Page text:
Mathematics Stack Exchange is a question and answer site for people studying math at any level and professionals in related fields. It's 100% free, no registration required.

Sign up
Here's how it works:
  1. Anybody can ask a question
  2. Anybody can answer
  3. The best answers are voted up and rise to the top

Assume that $M$ is an $m$ by $m$ ($m$ is an even number) symmetric positive-semi-definite matrix with exactly $m/2$ positive eigenvalues and every entry of $M$ is less than $1$. Let $I_{r}$ be an $m$ by $m$ diagonal matrix with $m/2$ of $1$'s on its diagonal and other diagonal entries being zeros. Would $m^{2}/\inf_M\sup_{r}\left(\left\Vert \left(I_{r}MI_{r}\right)^{\dagger}\right\Vert \right)$ be always bounded? where $X^{\dagger}$ is the extended pseudoinverse of $X$, defined as $\left(U\mbox{diag}\left(d_{1},\ldots,d_{m/2},0,\ldots,0\right)U^{T}\right)^{\dagger}=U\mbox{diag}\left(d_{1}^{-1},\ldots,d_{m/2}^{-1},0,\ldots,0\right)U^{T}$ in which $d_{i}^{-1}=\infty$ if $d_{i}=0$. Thanks.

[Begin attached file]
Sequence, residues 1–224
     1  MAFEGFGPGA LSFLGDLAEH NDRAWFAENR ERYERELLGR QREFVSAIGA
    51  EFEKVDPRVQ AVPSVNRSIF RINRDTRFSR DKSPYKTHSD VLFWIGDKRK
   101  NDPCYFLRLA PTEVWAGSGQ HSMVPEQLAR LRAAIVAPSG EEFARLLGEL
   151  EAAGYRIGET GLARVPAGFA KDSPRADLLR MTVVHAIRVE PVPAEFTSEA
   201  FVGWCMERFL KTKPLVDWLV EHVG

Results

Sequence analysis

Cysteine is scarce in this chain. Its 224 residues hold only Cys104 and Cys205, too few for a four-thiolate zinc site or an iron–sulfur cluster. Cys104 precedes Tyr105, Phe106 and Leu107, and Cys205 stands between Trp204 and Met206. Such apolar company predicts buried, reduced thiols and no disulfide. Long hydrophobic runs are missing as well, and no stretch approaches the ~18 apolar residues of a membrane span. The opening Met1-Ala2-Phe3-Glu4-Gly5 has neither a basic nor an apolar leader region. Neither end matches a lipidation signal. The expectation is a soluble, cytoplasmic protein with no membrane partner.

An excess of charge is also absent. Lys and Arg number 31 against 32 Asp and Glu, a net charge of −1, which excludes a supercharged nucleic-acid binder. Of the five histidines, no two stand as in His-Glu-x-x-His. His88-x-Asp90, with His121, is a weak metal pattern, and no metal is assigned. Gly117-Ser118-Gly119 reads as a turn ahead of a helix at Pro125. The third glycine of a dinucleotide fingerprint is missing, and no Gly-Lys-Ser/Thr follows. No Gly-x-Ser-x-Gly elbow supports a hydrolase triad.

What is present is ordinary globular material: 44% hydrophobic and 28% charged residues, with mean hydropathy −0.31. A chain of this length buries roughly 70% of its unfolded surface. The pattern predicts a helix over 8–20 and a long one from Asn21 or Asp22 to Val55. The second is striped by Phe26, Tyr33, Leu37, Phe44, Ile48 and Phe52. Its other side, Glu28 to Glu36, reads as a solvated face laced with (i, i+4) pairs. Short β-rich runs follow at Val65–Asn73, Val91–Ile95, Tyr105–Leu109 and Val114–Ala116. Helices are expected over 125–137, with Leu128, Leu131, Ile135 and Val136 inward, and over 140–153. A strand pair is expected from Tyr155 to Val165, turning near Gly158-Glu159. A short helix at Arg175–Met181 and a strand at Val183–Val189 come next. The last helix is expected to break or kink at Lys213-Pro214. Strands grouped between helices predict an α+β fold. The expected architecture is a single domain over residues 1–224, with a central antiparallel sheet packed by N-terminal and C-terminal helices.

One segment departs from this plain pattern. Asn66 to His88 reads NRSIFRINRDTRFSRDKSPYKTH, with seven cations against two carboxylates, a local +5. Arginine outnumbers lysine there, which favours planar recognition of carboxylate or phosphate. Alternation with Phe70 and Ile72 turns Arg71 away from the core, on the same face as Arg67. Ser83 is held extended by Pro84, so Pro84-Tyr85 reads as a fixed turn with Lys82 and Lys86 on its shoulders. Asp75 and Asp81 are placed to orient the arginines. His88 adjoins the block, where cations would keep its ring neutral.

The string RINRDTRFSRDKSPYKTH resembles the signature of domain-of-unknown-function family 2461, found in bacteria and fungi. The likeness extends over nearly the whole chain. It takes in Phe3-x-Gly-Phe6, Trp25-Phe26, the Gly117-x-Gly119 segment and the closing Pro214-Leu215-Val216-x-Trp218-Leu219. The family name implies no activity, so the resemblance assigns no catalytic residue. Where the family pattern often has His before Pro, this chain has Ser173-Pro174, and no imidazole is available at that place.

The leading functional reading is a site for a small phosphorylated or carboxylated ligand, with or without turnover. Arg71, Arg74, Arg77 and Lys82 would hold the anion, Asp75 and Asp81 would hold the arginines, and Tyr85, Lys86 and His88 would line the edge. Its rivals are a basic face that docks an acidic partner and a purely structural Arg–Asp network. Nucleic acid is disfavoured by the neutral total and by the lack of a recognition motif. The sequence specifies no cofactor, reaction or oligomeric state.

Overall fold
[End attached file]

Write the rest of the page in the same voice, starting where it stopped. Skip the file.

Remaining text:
share|cite|improve this question
Did you mean $\sup_M$? The question makes no sense in its current form; you introduced $M$ as a given $m\times m$ matrix, and now you want to take the limit $m\to\infty$, but you don't specify how $M$ varies with $m$. The $r$ subscript on the $\sup$ also doesn't make sense because $r$ isn't actually a variable that $I_r$ depends on. – joriki Oct 29 '12 at 0:45
joriki, you are right. But it means that when M satisfies the assumption, one considers all the permutations of $m/2$ of $1$'s and $m/2$ of $0$'s, which gives all possible $I_r$. I should put it as whether it is bounded. – Userma Oct 29 '12 at 4:06

Your Answer


By posting your answer, you agree to the privacy policy and terms of service.

Browse other questions tagged or ask your own question.